The four activists are still being held at Sorong Police headquarters according to local sources, and their condition is unknown. However grave fears are held for their safety, as these are the first West Papuans to be arrested over a connection to the Freedom Flotilla, which has attracted significant international media interest, and ignited major controversy and comment from Indonesian and Australian government ministers.
International human rights organisations have reacted quickly to the arrests, with Amnesty International (AI) in London expressing concern about the arrests of the four Papuan political activists. AI’s Indonesia and Timor-Leste Campaigner, Josef Benedict said that AI “believes they have been arrested and detained solely for their peaceful political activism and call for their immediate and unconditional release.”
“Amnesty International calls on the Indonesian authorities to respect the rights of Papuans to freedom of expression and peaceful assembly which are guaranteed in Article 19 and Article 21 of the International Covenant on Civil and Political Rights (ICCPR), to which Indonesia is a state party. Our organisation is concerned that the Indonesian government has consistently failed to make a distinction between violent armed groups and peaceful activists, and between peaceful expression of opinion and acts of physical violence, ” Benedict told West Papua Media by email.
Activists on board the Freedom Flotilla have reacted with dismay at the news of their supporters being targeted inside West Papua, but say this highlights the daily denial of Freedom of Expression for Papuan people, that originally motivated their plans for direct action.
Ronny Kareni, the spokesperson for the Freedom Flotilla said “It is shocking and yet not surprising, but completely unacceptable in this day and age that peaceful demonstrations of basic freedom of expression is censored in such an extreme way. We demand the immediate release of the 4 prisoners in Sorong.”
Kareni explained, “The arrests yesterday of the four Papuan leaders are a reflection of the reality that there is no space for democracy in Papua and West Papua Province under the Indonesian occupation, and yet foreign governments are complicit to these ongoing abuses. The Freedom Flotilla to West Papua is aiming to highlight this entrenched long-term brutality that is demonstrated by these arrests.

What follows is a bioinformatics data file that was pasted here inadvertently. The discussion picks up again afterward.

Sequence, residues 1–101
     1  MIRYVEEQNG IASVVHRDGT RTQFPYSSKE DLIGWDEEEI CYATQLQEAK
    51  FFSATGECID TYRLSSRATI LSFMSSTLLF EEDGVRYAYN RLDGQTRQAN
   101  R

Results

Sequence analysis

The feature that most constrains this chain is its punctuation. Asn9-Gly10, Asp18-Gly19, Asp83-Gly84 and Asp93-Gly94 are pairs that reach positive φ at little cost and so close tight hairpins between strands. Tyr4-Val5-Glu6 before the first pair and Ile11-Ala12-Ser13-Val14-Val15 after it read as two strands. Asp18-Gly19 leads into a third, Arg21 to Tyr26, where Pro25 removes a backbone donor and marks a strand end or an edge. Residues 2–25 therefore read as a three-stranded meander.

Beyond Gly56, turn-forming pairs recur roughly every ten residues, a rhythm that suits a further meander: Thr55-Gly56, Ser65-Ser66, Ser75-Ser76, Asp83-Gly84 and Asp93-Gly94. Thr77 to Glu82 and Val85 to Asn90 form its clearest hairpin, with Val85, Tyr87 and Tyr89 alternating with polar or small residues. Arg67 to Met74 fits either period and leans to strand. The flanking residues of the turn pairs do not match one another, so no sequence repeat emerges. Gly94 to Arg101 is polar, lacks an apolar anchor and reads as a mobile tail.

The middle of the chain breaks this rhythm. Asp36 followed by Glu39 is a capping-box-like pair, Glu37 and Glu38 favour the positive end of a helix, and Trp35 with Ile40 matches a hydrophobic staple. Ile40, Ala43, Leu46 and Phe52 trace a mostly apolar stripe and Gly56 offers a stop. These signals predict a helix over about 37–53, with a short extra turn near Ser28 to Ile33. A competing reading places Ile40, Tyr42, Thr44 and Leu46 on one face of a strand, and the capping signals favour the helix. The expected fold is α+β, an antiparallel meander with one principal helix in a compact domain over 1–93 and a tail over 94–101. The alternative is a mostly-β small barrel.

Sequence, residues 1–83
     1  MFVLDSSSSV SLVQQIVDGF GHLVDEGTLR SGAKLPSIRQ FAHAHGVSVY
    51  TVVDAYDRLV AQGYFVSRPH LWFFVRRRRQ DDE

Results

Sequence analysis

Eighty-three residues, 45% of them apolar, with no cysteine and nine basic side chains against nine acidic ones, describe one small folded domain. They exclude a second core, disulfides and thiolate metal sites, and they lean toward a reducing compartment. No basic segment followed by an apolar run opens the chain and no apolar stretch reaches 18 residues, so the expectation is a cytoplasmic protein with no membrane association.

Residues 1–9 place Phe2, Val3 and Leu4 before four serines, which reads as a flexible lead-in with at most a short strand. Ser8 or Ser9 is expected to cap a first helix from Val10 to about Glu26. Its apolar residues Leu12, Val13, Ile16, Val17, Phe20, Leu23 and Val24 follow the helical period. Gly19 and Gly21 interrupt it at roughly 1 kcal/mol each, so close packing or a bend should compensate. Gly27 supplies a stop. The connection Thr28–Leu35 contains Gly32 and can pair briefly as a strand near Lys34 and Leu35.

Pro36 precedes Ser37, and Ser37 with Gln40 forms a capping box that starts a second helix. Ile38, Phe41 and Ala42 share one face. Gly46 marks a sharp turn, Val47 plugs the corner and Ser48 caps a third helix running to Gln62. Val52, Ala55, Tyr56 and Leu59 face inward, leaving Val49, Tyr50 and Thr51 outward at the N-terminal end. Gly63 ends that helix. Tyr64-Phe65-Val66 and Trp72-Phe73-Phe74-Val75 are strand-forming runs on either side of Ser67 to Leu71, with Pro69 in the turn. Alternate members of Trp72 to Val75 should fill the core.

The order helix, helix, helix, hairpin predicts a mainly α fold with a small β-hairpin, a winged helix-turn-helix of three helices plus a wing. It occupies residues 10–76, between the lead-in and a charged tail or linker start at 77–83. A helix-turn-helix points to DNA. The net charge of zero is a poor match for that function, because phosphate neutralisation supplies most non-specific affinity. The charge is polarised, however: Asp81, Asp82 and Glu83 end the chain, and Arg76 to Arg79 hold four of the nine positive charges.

Arabunna elder, Uncle Kevin Buzzacott, the elder who inspired the journey, said in a statement to West Papua Media, “Indonesian government – you must immediately release those 4 prisoners and not to harm them in any way. They need to be released and not to be harmed because they have not committed a crime. We felt very sad when we seen it in the news today. We are waiting for the other mob to turn up here on Horne Island so we can work out how to respond a bit more but for now we need to ask all Australians to take a firm position on this issue, to be strong for Human Rights in West Papua. They are hurting them everyday, for years and regardless of the Freedom Flotilla this is happening, but we having a go, tryin’ to get the World to see, to look and listen and take a stand for these people. The Papuans have had it rough for too long with Indonesia there and this can’t keep going on. The prisoners must be released immediately”.
Izzy Brown, one of the organisers of the Freedom Flotilla said: “We are dismayed to hear that the peaceful act of prayer has resulted in such extreme actions by the police and military in West Papua, highlighting once more the lack of basic human rights and freedoms that we in Australia take for granted every day. We need immediate international pressure to be placed on the Indonesian government to ensure that no harm comes to these good people who have simply undertaken to express themselves in a democratic way.:
Kareni sums up the feeling of Flotilla members: “This is the time Australia, to stand up for people who are being militarily controlled and attacked for simply trying to have a voice.”
Seven Papuan fisherman were shot by members of the TNI (Indonesian army) near Pulau Papan district, Misol Perairan Raja Apat, West Papua. It is not clear why they were shot, but one TNI soldier is now being questioned by POM, the military police in Puncak Rafidin.The commander of 1704/Sorong, Lieut-Col. Rachman Zulkarnain refused to make any comment about the incident but he did not deny that a TNI solider was being interrogated by the military police. They were still trying to find out more about those responsible for the shooting. ‘I want the process to continue , until we can decide who should be charged for the incident,’ said Zulkarnain.